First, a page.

CCAMPIS: Child Care Access Means Parents In School

ABOUT THE PROJECT

The population of college students who are also parents (parenting students) is quickly growing across U.S. campuses, yet little is known about their experiences of balancing educational demands with the demands of parenting. Understanding the challenges and barriers that parenting students face is important to ensuring their ability to enroll in, persist at, and graduate with their degree.

More than one-quarter of all college students are parenting students.

Only 33% of parenting students complete a degree or certificate within six years; for single mothers, the six-year completion rate is only 28%.

One significant challenge is child care, with access and affordability as notable needs. To this end, The Ohio State University’s Office of Diversity and Inclusion (ODI) ACCESS Collaborative was awarded a Child Care Access Means Parents in School (CCAMPIS) grant from the U.S. Department of Education to create an Ohio State CCAMPIS program. The program assists parenting students from low-income households by providing funds for high-quality, accredited child care services.

The Crane Center for Early Childhood Research and Policy partners with ODI and ACCESS Collaborative in an ongoing research project geared toward understanding the experiences and challenges of parenting students and identifying their needs as students navigating universities.

PROJECT OBJECTIVES

– 1 –

Identify and recruit potentially eligible parenting students by employing aggressive outreach and marketing strategies.

– 2 –

Understand the specific child care, financial, academic and holistic needs of Ohio State parenting students and their families by conducting a needs assessment.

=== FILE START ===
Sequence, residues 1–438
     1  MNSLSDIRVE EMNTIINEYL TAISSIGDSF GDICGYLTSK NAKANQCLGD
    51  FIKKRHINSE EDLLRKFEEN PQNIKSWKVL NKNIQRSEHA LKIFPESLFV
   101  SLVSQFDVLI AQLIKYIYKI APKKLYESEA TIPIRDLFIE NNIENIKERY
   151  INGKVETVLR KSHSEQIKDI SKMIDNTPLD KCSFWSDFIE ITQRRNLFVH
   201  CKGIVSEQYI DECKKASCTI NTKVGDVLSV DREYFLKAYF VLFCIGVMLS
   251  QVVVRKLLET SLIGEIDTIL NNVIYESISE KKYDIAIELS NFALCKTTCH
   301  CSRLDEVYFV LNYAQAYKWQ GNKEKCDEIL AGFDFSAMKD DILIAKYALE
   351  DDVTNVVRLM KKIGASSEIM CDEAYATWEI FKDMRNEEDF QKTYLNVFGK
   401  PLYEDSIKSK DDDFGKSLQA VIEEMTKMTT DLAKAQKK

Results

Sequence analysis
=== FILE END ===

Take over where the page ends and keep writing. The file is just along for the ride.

– 3 –

Provide child care services to parenting students with the greatest need by contracting child care services and providing referrals and cost of care subsidies to child care partners in the community.

– 4 –

Provide a continuum of services, programming and links to economic, community and health services to promote the persistence and graduation of parenting students.

MEET THE PROJECT TEAM

Laura Justice, PhD

Principal Investigator

Dr. Justice’s research examines how early childhood quality affects children’s gains and future outcomes.

Learn more about Dr. Justice here.

Kelly Purtell, PhD

Co-Investigator

Dr. Purtell’s research aims to understand barriers to preschool participation among families from low-income households.

Read more about Dr. Purtell here.

Mitsu Narui, PhD

Co-Investigator

Dr. Narui’s research interests focus on examining access and equity in early childhood education.

Read more about Dr. Narui here.

DeVaughn Croxton

Program Assistant

Mr. Croxton’s work explores the challenges experienced by parenting students in university settings.

Read more about Mr. Croxton here.

READ ON

Learn more about or apply to Ohio State’s CCAMPIS program on their site, or read the press release about the grant award.

Program assistant DeVaughn Croxton, a child of a parenting students himself, shares his story along with insights into how to advocate for parenting students in this blog. He also shared his advocacy insights in this short video.

Watch CCAMPIS alum Robert Landers, father of two and recent graduate, who was featured on NBC4 as he eyed the NFL draft.

Read the Crane Center’s white paper highlighting the research findings of the first two years of the CCAMPIS program. You can also watch the Crane Research Forum where these findings were presented.